I think Maxine meant to say that she sees more clearly than you, that as an outsider you don't really know what you are talking about - she sees it from the inside you see, and that you need to read real climate and nothing else. You see, climate science is highly politicised but she is not.

Personally, I am in the same position you are. Somewhat agnostic, suspicious of both sides of the argument. However, I am put off by the strident doomsday commentary and ruthless tactics (their willingness to launch into ad hominem attacks is particularly abhorent) of the proponents of anthropogenic catastrophic climate change, and for this reason rather sympathetic to the other side.

I have stopped reading Nature.
May 4, 2007 at 12:45 AM | Unregistered CommenterNot Nature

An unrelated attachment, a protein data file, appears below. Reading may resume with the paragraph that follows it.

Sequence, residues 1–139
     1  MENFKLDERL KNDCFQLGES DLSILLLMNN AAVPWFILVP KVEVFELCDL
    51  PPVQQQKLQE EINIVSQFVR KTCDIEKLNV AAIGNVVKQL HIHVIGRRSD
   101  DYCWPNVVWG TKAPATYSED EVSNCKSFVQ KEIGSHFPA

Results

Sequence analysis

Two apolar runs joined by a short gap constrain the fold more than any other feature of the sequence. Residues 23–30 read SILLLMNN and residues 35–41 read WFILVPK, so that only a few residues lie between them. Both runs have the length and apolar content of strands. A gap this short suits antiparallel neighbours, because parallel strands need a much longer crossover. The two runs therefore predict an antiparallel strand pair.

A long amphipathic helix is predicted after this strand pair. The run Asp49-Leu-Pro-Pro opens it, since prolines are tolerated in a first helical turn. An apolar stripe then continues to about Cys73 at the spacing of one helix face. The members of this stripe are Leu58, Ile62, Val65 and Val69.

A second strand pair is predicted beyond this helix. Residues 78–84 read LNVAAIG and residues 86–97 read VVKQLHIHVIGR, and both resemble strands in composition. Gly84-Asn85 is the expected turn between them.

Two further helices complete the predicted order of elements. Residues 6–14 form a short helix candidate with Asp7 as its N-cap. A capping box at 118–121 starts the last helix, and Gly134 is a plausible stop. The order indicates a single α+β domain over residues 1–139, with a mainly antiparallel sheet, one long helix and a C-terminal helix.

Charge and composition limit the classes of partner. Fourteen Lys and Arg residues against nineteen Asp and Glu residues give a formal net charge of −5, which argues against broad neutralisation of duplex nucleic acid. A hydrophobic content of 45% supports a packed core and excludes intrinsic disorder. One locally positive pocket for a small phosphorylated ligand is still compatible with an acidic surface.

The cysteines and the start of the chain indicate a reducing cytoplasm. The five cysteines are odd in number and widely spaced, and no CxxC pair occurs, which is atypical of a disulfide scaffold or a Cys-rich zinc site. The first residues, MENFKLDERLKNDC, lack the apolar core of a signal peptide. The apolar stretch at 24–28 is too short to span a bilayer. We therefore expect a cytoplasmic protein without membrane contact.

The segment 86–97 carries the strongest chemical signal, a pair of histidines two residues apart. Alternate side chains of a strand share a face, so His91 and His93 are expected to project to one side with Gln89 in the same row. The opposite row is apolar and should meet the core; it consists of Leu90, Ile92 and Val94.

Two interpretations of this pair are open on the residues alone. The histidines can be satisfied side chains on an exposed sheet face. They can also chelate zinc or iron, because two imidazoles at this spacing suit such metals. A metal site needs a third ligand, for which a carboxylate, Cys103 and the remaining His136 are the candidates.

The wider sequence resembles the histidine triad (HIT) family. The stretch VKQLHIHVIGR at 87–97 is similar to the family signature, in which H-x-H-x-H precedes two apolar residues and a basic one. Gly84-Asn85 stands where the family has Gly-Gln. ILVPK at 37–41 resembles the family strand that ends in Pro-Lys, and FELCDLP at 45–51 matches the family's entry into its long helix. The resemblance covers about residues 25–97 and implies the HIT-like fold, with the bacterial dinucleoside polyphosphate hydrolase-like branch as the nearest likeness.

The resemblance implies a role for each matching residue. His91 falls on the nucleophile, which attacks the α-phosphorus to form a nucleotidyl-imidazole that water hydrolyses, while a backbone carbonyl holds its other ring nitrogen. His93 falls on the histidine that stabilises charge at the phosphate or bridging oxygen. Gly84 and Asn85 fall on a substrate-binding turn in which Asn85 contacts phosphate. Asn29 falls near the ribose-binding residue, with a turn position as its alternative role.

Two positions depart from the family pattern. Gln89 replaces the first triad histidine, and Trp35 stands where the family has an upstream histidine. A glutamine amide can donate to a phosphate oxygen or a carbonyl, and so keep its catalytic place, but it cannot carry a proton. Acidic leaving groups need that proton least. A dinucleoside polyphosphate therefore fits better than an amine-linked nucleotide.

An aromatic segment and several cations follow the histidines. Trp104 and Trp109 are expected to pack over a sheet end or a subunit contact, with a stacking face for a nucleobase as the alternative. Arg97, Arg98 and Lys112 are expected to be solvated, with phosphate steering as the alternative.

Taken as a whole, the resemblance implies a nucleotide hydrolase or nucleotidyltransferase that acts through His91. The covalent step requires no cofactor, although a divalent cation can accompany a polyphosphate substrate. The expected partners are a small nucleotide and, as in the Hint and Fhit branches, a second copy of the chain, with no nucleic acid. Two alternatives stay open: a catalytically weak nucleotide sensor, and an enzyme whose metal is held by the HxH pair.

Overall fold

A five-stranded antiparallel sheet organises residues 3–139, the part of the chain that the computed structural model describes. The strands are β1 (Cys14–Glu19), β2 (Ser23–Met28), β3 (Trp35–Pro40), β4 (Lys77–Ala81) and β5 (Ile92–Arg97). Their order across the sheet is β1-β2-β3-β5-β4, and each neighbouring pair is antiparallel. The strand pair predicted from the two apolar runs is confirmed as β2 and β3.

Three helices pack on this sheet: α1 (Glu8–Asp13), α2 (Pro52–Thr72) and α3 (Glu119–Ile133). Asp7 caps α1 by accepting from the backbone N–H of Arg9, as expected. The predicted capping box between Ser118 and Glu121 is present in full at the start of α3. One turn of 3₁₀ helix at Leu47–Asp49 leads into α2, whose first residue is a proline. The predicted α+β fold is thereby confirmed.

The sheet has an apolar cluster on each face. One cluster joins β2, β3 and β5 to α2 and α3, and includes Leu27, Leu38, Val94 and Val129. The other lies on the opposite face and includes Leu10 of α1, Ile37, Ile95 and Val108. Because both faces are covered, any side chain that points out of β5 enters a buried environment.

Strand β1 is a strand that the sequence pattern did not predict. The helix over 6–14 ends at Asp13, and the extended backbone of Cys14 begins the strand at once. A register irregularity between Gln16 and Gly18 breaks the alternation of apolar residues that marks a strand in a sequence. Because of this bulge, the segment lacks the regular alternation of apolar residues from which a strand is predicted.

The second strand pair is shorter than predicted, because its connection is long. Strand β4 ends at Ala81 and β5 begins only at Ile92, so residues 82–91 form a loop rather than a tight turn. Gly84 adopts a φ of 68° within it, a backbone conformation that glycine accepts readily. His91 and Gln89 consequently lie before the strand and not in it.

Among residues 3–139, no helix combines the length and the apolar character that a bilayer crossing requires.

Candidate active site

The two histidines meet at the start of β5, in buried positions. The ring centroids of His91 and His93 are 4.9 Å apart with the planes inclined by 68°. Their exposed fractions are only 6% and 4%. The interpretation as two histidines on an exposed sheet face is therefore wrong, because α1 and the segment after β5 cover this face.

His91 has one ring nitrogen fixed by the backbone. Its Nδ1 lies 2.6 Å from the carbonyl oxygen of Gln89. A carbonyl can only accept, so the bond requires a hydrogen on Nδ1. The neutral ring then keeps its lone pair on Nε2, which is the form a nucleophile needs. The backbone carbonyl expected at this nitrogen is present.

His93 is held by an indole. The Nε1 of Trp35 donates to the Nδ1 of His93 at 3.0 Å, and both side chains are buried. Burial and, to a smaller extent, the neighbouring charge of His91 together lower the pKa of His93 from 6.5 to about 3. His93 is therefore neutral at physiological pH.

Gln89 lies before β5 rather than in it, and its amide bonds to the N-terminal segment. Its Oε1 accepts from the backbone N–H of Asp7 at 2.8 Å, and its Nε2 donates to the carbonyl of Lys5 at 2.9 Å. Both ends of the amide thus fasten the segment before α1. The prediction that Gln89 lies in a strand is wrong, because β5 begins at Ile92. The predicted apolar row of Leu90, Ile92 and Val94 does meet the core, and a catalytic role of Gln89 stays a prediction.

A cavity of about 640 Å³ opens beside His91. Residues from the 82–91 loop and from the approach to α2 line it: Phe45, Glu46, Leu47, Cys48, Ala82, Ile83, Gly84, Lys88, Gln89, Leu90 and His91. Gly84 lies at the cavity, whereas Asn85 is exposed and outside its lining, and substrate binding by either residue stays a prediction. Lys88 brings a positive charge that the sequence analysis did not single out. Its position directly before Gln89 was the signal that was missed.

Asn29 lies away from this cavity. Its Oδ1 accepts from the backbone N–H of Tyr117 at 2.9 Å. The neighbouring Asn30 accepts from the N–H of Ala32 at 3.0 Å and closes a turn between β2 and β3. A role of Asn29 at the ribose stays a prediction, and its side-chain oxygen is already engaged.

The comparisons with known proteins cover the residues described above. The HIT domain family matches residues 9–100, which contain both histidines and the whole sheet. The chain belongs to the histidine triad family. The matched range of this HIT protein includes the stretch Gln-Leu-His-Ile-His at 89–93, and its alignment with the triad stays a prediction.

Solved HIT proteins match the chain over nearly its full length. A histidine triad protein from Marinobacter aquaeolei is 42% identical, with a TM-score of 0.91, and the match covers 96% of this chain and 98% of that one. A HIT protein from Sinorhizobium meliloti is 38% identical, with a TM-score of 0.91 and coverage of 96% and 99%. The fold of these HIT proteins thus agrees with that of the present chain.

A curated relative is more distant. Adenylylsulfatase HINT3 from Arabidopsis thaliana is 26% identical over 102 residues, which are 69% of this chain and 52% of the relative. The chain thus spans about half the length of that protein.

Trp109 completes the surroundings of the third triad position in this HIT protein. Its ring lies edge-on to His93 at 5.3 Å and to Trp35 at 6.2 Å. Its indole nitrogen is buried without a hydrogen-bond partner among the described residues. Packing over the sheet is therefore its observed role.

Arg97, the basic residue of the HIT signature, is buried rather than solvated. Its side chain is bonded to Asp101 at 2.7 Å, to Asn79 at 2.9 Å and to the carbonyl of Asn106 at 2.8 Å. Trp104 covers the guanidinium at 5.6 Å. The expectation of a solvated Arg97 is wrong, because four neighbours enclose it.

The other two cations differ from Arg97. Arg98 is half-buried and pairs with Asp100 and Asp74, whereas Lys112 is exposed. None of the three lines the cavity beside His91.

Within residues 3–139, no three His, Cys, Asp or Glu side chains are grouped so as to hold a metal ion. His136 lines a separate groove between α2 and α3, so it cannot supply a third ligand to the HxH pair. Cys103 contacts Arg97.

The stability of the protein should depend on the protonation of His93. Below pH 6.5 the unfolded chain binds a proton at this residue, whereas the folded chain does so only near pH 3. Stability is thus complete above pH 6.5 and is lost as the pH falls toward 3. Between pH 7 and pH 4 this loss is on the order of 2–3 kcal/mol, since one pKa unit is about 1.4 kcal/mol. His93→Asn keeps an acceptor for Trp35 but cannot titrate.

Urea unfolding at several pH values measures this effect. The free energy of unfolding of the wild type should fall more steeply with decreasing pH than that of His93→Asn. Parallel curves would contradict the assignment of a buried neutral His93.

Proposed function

I reviewed my correspondence file and I was unable to identify any correspondence with Maxine Clark, although I did have dealings with a number of other people at Nature.

While there is obviously a considerable amount of archived climate data, there are also many deficiencies, especially with the Hockey Team. I've listed many defects with the various Hockey Team studies. As long as people like Maxine think the way she does, people like Phil Jones will be able to withhold not merely their data, but even the identification of their sites. Maxine's characterization of IPCC is much too polyannish - Hegerl et al who later published in Nature refused to supply even a list of sites to me as an IPCC reviewer; the sites were not published in the Nature SI. After over 20 emails stretching over nearly 2 years, I am still unable to identify all the sites used in this article. I've tried to resolve this cordially with Tom Crowley and had pleasant but unproductive exchanges with him. Maxine, unless this is resolved, you can expect another Materials Complaint.